Oxalis is a weed that can cause a real problem in the garden and the lawn as it is easily spread. It is often mistaken for clover, whose leaves are more rounded, whereas oxalis has green, heart-shaped leaves.

There are many forms of oxalis, but the common weedy ones are:

  • Creeping oxalis (Oxalis corniculata) has tiny clover to heart-shaped leaves and yellow flowers. It is a common lawn weed with fine stems that creep under the runners of many lawn grasses. Seeds are spread via the lawnmower, soil and water. It also grows in garden beds and pots.
  • Pink oxalis (Oxalis corymbosa) has dark brown, heart-shaped leaves produced by clumps of small brown bulbs. The weed easily spread via the many bulblets attached to the main bulb.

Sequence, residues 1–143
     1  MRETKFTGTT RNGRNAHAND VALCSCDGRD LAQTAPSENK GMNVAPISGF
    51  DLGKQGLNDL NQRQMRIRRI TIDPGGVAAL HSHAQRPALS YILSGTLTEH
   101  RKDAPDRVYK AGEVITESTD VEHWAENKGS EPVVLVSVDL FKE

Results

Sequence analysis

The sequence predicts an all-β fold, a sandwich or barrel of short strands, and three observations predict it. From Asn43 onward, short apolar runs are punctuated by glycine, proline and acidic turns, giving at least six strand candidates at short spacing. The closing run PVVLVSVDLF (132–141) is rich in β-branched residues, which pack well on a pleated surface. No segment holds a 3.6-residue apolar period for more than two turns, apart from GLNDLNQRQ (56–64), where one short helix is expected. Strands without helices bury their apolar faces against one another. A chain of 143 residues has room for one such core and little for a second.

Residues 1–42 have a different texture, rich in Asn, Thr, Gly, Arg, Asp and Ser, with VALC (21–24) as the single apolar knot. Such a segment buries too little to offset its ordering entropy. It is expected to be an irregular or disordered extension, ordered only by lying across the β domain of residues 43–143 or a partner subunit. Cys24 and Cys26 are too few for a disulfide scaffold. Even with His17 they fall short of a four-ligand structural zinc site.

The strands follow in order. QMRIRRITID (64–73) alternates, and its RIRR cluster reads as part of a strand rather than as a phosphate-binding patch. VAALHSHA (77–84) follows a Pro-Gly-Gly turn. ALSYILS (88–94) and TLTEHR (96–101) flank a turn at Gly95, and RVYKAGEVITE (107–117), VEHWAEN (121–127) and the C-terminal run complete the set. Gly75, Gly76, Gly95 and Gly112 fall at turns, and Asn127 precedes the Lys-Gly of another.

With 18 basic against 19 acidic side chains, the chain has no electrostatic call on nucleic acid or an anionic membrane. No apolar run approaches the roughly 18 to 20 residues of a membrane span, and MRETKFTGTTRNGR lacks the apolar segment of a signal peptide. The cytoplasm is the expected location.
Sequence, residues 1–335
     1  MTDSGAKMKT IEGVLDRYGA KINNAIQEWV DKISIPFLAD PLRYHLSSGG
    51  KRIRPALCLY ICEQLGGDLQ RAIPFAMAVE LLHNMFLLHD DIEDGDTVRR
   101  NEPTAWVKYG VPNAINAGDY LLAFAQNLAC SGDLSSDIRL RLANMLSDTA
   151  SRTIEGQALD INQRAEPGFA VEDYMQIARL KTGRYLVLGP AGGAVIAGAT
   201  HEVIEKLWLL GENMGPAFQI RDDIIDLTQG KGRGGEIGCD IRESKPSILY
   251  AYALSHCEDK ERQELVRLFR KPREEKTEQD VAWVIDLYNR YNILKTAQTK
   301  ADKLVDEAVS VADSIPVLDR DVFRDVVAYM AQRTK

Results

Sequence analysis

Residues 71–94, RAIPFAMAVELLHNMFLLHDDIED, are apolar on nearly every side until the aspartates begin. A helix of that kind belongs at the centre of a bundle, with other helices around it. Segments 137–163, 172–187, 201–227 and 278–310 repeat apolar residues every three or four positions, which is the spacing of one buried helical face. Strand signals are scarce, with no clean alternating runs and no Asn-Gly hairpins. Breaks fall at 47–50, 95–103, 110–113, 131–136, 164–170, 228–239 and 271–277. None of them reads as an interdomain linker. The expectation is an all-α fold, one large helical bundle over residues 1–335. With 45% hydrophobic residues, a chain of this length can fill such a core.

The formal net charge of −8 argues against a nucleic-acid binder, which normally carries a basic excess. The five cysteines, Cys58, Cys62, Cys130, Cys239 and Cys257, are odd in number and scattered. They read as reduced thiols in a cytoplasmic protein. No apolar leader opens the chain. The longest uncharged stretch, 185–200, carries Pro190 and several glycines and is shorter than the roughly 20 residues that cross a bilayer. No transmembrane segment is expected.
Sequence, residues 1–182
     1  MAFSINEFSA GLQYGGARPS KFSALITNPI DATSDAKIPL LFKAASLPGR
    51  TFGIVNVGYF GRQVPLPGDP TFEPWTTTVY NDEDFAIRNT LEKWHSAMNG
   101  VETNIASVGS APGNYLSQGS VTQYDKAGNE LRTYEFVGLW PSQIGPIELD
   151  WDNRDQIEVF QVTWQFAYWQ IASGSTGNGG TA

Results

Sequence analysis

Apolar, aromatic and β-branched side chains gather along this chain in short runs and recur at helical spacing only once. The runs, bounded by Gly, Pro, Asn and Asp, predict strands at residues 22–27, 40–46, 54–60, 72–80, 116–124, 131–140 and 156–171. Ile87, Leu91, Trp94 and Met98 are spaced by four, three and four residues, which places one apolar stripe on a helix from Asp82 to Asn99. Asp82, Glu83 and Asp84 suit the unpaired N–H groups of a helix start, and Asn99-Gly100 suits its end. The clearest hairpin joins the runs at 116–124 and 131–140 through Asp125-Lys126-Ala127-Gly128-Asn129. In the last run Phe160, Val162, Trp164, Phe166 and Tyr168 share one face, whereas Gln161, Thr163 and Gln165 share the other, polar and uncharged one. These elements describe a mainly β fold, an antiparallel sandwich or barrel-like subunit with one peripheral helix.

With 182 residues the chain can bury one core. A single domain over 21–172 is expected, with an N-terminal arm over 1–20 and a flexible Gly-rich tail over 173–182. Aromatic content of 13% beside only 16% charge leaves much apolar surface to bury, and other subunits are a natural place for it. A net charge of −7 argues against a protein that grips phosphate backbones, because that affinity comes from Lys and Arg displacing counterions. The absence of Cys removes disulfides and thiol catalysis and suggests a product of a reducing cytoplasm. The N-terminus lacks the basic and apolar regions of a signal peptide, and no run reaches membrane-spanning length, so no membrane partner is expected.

• Wood sorrel or soursob (Oxalis pes-caprae) has rounded clover-like leaves with tiny bright yellow flowers. It is prolific in winter but dies down as the weather warms.

The best form of control is to get on top of the weeds before they flower or spread more bulbs. When digging them out, remove the whole bulb and bulbs around it, which may include taking soil as well. Other options include covering the infested area with weed mat, cardboard or thick wads of newspaper. This removes light and stops the plant from photosynthesising, eventually causing death. Leave the covering in place for at least 12 months.

A well-mulched garden and dense, vigorous lawn can help keep oxalis at bay as there isnโ€™t any room for them to grow. Feed gardens with a liquid fertiliser such as PowerFeed All Purpose including Natives, to encourage active plant growth and discourage weeds through competition and shading. Fertilising lawns with Seasol for Lush Green Lawns or Seasol for Buffalo Lawns during the growing season will keep the lawn dense and resistant to weeds.